In the matter of Dayal Singh & Ors. Vs. State of Uttaranchal, the Supreme Court has held that the Investigating Officer, as well as the doctor who are dealing with the investigation of a criminal case, are obliged to act in accordance with the police manual and the known canons of medical practice, respectively. They are both obliged to be diligent, truthful and fair in their approach and investigation.
A default or breach of duty, intentionally or otherwise, can sometimes prove fatal to the case of the prosecution. An Investigating Officer is completely responsible and answerable for the manner and methodology adopted in completing his investigation. Where the default and omission is so flagrant that it speaks volumes of a deliberate act or such irresponsible attitude of investigation, no court can afford to overlook it, whether it did or did not cause prejudice to the case of the prosecution. It is possible that despite such default/omission, the prosecution may still prove its case beyond reasonable doubt and the court can so return its finding.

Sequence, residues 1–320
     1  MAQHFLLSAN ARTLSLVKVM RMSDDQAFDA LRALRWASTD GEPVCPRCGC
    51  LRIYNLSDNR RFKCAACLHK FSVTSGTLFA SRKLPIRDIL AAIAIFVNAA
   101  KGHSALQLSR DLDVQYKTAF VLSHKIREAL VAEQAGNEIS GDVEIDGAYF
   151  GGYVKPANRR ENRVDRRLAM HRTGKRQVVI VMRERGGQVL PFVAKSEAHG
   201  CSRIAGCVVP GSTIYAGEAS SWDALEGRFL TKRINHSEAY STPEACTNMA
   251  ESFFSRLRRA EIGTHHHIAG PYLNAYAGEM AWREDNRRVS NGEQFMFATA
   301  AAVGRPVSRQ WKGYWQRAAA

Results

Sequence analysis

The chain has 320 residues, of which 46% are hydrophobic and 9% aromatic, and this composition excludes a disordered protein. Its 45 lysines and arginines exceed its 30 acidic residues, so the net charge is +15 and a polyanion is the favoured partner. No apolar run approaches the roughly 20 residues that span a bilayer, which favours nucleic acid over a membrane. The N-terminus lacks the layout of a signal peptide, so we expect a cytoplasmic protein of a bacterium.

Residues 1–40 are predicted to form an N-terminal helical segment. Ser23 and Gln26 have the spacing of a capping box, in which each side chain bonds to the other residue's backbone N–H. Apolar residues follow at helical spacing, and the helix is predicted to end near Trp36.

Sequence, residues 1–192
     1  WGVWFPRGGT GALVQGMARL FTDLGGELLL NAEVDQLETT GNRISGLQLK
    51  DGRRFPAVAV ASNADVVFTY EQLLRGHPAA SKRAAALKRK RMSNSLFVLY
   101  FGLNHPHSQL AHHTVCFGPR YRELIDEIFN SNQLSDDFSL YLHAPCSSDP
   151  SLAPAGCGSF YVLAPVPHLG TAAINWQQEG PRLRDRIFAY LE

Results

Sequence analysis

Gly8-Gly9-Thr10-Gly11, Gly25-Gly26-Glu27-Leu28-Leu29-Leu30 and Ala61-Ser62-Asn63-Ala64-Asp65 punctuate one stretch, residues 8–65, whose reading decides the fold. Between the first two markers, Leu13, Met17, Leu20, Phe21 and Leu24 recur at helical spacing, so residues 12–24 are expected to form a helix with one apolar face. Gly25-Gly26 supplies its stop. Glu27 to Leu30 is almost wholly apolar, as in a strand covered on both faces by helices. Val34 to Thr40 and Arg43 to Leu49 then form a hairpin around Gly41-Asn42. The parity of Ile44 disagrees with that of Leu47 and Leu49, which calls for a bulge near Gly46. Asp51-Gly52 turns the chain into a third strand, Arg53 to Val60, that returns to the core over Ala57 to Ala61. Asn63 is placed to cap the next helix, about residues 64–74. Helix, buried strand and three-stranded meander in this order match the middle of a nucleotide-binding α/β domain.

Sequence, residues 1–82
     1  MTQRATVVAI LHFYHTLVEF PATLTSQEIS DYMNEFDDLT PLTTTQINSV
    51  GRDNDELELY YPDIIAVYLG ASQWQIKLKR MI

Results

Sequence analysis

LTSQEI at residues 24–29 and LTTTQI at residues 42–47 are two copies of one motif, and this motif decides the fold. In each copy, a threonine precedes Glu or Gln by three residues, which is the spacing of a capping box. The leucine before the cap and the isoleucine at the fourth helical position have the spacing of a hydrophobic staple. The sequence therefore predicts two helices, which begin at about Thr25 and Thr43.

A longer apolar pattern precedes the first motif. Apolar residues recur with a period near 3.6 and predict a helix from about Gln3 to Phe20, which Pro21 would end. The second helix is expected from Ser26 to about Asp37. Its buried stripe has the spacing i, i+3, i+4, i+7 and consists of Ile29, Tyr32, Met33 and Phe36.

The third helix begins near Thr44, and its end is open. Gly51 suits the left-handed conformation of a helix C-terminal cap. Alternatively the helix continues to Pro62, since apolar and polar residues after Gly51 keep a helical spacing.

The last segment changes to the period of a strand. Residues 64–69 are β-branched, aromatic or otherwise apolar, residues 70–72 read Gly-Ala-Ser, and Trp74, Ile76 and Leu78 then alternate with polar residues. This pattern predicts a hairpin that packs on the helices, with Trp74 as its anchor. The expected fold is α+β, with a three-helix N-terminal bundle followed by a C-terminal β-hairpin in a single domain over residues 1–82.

The Supreme Court’s judgment to decriminalize Section 377 of Indian Penal Code (IPC) on 6th September 2019 was embarkation of a more egalitarian society. The verdict equipped members of LGBTQ commun More
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